The most ambitious women’s fundraising effort in Dartmouth history has secured $25 million to restore the heart of the College’s undergraduate academic experience—Dartmouth Hall.
Through the generosity of more than 1,700 alumnae and others in the Dartmouth community making gifts through The Call to Lead campaign, Dartmouth Hall will be renovated to meet the needs of future generations of students.
Dartmouth has received more than 1,300 gifts and pledges since November, when Trustee Emerita Denise Dupré ’80 pledged $5 million to the renovation project once 1,000 alumnae had made gifts of any size toward Dartmouth Hall.
Gifts ranged from $10 to $1 million and were received from members of every Dartmouth class from 1969 onward, including current undergraduates.
“We often say you should never underestimate the power of Dartmouth women, especially when working together, but we may have surprised ourselves,” says Dupré. “The magnitude of what has been achieved this quickly, with so many talented women taking on leadership roles and generating action, has really caught people’s attention.”
Energized by Dupré’s challenge, alumnae, students, and friends topped the 1,000-donor mark in under a month—and the momentum continued into the new year, with the gift tally topping $25 million early this month. The donors will be recognized on a wall of honor in the renovated Dartmouth Hall.
The cost of the comprehensive renovation project is $42 million, and alumnae leaders have announced their intent to continue fundraising for Dartmouth Hall with a new goal of having 2,500 women participate in this historic endeavor by 2023, when the renovated building is scheduled to open.
“From alumnae who were on campus half a century ago at the start of coeducation to current first-year students, women across the generations have come forward to take ownership of this project on behalf of Dartmouth faculty, staff, and students,” says Beth Cogan Fascitelli ’80, a trustee and member of The Call to Lead Campaign Executive Committee. “We’re pausing to celebrate this unbelievable achievement with the community—but only briefly. We hope more and more alumnae will spread the word.”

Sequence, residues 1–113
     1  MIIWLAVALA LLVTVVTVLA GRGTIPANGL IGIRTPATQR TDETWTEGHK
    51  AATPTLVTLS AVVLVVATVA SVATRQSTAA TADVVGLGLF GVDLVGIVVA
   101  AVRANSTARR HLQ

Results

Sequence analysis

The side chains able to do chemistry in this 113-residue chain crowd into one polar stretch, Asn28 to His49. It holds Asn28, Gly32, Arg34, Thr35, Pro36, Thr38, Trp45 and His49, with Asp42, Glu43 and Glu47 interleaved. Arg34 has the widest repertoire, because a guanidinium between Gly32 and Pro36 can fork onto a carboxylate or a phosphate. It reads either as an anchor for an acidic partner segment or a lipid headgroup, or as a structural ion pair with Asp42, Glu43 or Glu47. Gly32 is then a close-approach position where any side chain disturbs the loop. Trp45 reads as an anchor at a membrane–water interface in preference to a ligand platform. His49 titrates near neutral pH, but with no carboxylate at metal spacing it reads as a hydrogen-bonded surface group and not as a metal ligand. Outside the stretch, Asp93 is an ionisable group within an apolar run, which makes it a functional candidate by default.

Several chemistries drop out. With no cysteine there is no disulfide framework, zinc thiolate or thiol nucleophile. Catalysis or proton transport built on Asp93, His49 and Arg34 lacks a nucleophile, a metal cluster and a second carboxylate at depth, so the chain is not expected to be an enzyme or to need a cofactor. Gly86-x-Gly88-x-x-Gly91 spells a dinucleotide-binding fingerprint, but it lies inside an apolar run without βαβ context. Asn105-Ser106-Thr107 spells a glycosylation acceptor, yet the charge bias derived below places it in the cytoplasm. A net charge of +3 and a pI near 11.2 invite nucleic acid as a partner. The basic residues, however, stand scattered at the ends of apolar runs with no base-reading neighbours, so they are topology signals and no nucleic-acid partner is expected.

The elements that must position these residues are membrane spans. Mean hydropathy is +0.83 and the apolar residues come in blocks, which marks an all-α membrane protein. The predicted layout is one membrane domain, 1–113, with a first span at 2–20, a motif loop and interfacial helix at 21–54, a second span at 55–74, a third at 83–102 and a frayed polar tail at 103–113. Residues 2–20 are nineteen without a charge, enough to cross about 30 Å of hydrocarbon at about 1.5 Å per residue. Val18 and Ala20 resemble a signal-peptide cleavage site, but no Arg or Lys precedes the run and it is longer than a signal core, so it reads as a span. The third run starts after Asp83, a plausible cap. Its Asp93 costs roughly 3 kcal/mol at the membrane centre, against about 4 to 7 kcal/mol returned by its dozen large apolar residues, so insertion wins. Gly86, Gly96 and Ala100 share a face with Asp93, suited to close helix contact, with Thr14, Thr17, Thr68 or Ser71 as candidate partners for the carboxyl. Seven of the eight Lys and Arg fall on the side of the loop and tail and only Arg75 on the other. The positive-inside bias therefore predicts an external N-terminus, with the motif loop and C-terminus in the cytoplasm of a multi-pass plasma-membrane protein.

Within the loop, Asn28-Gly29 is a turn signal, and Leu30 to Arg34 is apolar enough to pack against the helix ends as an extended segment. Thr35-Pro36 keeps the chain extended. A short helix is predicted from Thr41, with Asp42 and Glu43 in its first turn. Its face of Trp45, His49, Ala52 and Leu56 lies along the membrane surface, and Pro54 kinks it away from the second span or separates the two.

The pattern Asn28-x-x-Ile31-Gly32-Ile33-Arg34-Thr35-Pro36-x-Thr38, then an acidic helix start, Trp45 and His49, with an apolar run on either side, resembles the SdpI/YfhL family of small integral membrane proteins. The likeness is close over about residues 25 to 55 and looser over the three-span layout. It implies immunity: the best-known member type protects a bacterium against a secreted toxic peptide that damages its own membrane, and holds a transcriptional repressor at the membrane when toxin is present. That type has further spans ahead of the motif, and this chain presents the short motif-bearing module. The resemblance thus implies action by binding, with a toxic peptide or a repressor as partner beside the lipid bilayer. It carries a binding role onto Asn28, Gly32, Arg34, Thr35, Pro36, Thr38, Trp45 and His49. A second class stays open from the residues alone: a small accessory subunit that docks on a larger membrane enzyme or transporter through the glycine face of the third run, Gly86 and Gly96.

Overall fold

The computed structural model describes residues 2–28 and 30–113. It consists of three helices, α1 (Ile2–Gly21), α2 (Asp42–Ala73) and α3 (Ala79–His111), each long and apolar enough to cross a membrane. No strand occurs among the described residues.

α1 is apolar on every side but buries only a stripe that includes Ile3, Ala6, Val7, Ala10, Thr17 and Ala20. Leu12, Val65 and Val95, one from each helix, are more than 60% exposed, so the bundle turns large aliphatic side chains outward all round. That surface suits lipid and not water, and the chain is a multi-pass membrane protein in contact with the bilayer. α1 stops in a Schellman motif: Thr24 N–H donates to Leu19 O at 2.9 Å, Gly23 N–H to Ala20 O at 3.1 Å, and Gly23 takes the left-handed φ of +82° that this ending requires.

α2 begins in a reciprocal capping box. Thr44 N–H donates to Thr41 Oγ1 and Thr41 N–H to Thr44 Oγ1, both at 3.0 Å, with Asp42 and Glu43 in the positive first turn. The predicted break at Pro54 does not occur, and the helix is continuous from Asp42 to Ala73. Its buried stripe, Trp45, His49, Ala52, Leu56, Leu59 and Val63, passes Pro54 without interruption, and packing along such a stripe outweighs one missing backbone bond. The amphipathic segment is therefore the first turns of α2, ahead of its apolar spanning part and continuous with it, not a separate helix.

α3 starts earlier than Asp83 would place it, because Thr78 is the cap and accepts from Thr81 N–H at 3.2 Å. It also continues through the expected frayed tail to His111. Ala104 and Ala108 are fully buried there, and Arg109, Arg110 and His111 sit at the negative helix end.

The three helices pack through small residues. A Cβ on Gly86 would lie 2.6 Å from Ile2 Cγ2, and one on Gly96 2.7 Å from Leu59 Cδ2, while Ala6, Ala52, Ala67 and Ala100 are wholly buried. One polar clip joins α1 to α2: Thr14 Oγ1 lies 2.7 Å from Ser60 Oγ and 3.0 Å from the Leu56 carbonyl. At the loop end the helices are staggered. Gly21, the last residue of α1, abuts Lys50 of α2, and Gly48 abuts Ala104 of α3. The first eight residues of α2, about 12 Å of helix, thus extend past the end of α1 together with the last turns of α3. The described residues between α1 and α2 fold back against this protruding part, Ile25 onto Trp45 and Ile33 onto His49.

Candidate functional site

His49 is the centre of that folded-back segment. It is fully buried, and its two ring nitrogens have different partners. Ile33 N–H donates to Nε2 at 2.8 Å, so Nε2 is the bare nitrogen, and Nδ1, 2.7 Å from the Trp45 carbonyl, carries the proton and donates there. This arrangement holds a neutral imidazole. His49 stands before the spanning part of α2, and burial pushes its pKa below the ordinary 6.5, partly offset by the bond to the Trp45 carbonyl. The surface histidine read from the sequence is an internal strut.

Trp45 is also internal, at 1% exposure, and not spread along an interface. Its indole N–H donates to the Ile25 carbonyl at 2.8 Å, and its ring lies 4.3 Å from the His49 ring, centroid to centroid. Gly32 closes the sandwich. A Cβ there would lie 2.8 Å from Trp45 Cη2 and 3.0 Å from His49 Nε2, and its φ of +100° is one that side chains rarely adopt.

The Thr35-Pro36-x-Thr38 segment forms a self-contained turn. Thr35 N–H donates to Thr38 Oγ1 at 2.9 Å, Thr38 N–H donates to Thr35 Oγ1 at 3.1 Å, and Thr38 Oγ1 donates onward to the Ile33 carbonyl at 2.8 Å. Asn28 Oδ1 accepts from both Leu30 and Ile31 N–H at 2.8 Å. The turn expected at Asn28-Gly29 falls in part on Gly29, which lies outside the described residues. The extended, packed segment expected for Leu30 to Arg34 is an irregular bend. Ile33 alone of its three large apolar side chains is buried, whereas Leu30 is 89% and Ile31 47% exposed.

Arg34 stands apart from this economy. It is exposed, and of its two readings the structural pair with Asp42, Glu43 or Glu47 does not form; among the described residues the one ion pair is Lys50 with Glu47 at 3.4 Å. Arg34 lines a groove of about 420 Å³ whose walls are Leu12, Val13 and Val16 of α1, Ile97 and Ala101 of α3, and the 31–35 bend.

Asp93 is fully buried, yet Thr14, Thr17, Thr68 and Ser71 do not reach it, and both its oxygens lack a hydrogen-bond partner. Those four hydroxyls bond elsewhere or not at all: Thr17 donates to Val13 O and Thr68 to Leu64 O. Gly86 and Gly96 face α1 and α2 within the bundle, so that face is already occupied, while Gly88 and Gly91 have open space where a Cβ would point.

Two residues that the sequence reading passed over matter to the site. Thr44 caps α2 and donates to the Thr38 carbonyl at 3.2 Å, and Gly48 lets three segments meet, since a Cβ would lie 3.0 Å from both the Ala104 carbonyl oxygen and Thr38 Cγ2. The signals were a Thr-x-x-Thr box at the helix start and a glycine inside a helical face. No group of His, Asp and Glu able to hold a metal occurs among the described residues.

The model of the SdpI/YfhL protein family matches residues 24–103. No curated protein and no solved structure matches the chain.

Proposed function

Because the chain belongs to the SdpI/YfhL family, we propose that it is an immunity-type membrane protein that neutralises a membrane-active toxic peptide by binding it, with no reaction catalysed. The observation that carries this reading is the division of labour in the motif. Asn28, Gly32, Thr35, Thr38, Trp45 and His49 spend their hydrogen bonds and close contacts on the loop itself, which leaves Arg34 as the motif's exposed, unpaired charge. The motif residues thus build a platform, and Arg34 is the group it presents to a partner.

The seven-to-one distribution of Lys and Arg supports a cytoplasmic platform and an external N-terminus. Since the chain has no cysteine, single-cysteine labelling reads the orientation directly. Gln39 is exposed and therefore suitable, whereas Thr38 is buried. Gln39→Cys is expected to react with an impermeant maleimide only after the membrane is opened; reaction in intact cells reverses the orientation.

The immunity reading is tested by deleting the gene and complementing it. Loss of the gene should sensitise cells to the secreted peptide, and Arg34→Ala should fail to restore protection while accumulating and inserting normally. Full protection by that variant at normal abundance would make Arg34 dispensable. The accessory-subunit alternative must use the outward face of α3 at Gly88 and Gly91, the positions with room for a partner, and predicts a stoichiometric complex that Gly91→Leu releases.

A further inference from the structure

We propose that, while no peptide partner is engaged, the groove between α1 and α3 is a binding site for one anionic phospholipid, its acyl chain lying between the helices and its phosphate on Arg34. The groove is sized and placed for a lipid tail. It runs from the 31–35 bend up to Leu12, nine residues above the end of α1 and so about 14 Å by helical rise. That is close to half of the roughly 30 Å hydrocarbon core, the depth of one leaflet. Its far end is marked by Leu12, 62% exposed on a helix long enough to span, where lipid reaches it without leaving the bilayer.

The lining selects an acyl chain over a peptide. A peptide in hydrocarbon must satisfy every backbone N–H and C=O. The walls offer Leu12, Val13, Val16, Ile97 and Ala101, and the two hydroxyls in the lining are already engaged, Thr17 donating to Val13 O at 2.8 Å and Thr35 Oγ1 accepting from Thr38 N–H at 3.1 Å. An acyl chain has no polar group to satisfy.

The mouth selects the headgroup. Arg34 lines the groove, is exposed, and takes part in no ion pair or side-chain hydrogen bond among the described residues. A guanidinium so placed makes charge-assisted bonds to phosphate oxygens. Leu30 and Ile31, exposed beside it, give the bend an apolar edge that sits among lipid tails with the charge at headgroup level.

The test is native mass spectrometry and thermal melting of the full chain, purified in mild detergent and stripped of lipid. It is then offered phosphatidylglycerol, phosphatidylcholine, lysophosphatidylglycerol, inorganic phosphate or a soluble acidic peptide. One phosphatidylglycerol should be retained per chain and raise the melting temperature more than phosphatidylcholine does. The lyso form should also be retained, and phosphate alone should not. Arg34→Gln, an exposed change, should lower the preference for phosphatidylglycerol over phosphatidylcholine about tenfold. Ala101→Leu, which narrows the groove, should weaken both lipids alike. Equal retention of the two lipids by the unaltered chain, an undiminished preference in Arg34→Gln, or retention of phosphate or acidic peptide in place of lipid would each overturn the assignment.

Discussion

National Leaders in Philanthropy
Kathleen Loehr, a senior consultant at the Aspen Leadership Group and an expert on women’s philanthropy, says Dartmouth alumnae are at the forefront of a national trend toward bolder alumnae involvement in collegiate fundraising.
“For decades, alumnae-led philanthropy set modest goals. Only recently are we seeing alumnae taking on significant philanthropy challenges, particularly in campaigns, and Dartmouth women are unquestionably leaders in this shift,” says Loehr.
Exceeding the $25-million mark for Dartmouth Hall is the latest in a series of achievements recorded by Dartmouth alumnae, who are redefining the role of women in higher education philanthropy. The Centennial Circle of Dartmouth Alumnae now has 259 members, each of whom has donated at least $100,000 to go to financial aid through the Dartmouth College Fund or another annual fund. In addition, 78 women have committed to give at least $1 million to date to Dartmouth through The Call to Lead campaign. The campaign goal is for 100 women to give at least $1 million.
All alumnae serving on the Dartmouth Board of Trustees, Campaign Executive Committee, and the Dartmouth College Fund Committee have made a gift toward Dartmouth Hall’s renovation.
“When we launched The Call to Lead campaign, we knew this ambitious undertaking would strengthen our entire community,” says President Philip J. Hanlon ’77. “Beginning with the creation of the Centennial Circle, we realized this was a transformative moment in Dartmouth’s history, with our alumnae coming together to proudly proclaim their role in shaping the future of the College.”
Home to the Humanities
The renewal of Dartmouth Hall, one of the most iconic buildings on campus, will preserve the building’s traditional exterior while giving the interior an extensive update to meet the needs of current and future students and faculty.
Classrooms and meeting spaces will be fitted with modern technology and the building will be made accessible to all. Open, flexible spaces will encourage collaboration across the humanities. In addition to housing several foreign language departments, the renovated building will be home to the Leslie Center for the Humanities and to a new writing center. The auditorium, Room 105, will once again become a venue for high-profile gatherings and community discourse.
“For more than two centuries, Dartmouth Hall has represented and embodied the College, serving as its center of its academic life,” says Elizabeth Smith, dean of the Faculty of Arts and Sciences. “Honoring the building’s remarkable history and embracing the new possibilities that we’ll realize through this renovation, the reimagined Dartmouth Hall will produce an intellectual energy that reaffirms its centrality as the crossroads of the campus.”
Dupré said she has been particularly moved by the giving of younger women and added that she hopes their participation in Dartmouth Hall’s renovation will provide the foundation for them to become regular donors who support the College for many decades.
“So many young alumnae and current students are part of this effort,” she says. “If this has engaged them meaningfully early on in their Dartmouth alumnae days, how good is that? This perhaps becomes the spark that lights new bonfires.”